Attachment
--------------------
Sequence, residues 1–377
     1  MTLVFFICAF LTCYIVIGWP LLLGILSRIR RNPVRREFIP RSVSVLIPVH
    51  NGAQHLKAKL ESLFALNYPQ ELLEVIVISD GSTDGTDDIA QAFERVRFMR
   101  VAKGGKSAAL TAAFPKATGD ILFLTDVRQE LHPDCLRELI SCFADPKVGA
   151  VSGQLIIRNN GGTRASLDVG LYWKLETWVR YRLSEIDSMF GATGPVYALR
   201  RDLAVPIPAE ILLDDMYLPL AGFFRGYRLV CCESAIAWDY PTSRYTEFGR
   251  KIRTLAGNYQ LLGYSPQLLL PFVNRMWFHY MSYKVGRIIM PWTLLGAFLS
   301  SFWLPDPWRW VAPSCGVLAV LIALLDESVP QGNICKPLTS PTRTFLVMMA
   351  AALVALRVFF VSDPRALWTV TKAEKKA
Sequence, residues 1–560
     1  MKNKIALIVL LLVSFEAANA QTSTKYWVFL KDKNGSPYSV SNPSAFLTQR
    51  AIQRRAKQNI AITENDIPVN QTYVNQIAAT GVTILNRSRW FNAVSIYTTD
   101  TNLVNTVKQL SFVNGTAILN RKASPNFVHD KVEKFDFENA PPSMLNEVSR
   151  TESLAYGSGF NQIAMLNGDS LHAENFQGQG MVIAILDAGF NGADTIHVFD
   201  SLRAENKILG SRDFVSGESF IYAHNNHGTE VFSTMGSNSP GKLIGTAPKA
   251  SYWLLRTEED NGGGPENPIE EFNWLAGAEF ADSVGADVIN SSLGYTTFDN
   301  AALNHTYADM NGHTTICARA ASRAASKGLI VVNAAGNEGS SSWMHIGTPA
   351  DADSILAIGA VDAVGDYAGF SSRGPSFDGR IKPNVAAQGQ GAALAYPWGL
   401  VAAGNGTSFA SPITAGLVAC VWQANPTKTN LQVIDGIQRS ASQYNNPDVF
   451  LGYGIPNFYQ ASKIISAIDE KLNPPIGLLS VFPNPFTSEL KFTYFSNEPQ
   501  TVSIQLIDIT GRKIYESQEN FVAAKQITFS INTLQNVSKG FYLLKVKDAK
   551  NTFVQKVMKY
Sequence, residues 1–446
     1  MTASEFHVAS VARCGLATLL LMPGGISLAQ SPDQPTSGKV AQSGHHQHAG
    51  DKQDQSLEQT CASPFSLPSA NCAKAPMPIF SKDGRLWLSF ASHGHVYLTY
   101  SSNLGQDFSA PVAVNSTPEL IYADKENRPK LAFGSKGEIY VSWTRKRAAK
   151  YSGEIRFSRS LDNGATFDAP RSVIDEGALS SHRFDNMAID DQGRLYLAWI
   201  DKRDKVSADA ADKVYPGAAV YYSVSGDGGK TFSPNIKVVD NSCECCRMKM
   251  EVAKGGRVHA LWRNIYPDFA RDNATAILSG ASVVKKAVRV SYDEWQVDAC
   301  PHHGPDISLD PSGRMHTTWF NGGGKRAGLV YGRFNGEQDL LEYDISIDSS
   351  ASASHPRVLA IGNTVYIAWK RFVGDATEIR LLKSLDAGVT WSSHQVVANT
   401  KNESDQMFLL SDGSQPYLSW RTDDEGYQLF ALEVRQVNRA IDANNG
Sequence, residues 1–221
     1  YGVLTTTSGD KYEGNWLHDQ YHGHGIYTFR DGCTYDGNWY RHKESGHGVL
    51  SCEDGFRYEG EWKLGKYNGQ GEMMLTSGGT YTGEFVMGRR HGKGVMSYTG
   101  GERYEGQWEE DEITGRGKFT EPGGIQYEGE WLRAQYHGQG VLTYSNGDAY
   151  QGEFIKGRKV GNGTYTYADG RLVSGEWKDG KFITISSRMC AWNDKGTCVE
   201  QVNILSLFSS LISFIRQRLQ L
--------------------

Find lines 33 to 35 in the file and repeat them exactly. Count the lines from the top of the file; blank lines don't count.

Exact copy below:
Sequence, residues 1–221
     1  YGVLTTTSGD KYEGNWLHDQ YHGHGIYTFR DGCTYDGNWY RHKESGHGVL
    51  SCEDGFRYEG EWKLGKYNGQ GEMMLTSGGT YTGEFVMGRR HGKGVMSYTG